Disillusionment follows our initial elation of survival. We mourn our losses. We ask ourselves “Why did this have to happen?” We become angry, often searching for someone to blame. Guilt is somewhat common in this phase, survivor guilt being especially severe. Depression and even despair may emerge. At times such as these people may question their jobs, marriages, faith, and the very meaning of life itself. Marital discord and divorce often increase. People may quit their jobs. They move their residences in an attempt to escape the remembrances of the past. People who were already facing challenges of mental illness may see their symptoms worsen.

But as I said earlier, we will get through this. Physically, most will heal. Psychologically most will recover and resume their lives, or construct new lives. On the anniversary of this pandemic, we will pause and remember. Then we will move on. Some will re-experience the angst of the past year, but they too will move on.

As I noted earlier, the trajectory I have shared is not a fait accompli, rather it is an informed prediction designed to better prepare us to minimize adversity and foster resilience. Other than this guidance, what else can we do to lessen the adverse psychological impact of COVID-19? Here are a few of the lessons I’ve learned from many of the remarkably courageous and resilient people who have descended into the belly of the beast and come out stronger:

  • Be kind to yourself and compassionate with others. When angered or annoyed, try for even just a moment to take the other person’s perspective. Try to see the world through their eyes.
  • Take care of yourself physically and psychologically. Stress can compromise the immune system.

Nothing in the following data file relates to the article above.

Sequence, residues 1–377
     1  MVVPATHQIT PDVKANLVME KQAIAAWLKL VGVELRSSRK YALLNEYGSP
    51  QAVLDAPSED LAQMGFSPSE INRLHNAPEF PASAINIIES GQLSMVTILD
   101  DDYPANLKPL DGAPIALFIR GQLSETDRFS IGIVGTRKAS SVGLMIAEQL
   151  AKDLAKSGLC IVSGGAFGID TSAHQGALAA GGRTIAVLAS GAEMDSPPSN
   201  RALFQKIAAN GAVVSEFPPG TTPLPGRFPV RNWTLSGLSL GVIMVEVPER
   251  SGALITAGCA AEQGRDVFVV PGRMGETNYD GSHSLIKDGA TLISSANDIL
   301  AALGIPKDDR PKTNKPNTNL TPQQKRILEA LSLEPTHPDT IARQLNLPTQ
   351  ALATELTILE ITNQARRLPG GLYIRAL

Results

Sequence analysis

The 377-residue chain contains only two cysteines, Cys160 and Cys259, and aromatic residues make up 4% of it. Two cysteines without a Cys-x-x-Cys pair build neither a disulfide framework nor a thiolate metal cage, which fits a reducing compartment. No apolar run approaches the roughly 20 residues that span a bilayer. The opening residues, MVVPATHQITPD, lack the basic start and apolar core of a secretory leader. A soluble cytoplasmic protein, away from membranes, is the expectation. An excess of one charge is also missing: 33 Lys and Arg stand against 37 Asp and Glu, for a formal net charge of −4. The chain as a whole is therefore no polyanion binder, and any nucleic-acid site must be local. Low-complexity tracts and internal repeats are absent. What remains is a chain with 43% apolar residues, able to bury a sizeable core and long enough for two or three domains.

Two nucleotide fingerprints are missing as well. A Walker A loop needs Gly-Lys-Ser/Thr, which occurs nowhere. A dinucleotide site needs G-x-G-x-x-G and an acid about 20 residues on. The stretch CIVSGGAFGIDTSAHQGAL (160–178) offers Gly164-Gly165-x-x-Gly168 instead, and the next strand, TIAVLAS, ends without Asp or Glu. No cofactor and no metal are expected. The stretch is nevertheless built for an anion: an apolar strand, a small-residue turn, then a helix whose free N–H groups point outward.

• Left to its own devices, the mind often descends into an abyss of darkness, worry, and despair. Mindfulness combats worry. Whenever your mind takes a distressing excursion, refocus, be mindful of where you are and what you are doing.
  • Control what you can, cope with the rest. But remember the only thing you can really control is how you react to the world as it unfolds around you.
  • Staying connected to others, though physically distanced, makes you stronger. This is a good time to rekindle old friendships, or bury old hatchets.
  • Though we are often eager to help others in distress, learning the principles of psychological first aid can help you ease another’s pain beyond the verbal “hail Mary” we offer when we say “Everything will be ok.”
  • Remember that seeking formal psychological or psychiatric treatment when needed helps not only yourself but those who love, and often depend on, you.
  • Lastly, remember you are part of something greater than yourself. This is a time to put differences aside. We are all in this together.

References:

Manderscheid, R. W. (2006, March 21). Preparing for Pandemic Avian Influenza: Ensuring Mental Health Services and Mitigating Panic. Retrieved February 28, 2007, from http://www.mhsip.org/srcmhs2006/13a-Preparing%20for%20the%20Pandemic%20Avian%20Influenza- Ensuring%20MH%20Services%20&%20Mitigating%20Panic%20-%20Constella%20Group.pdf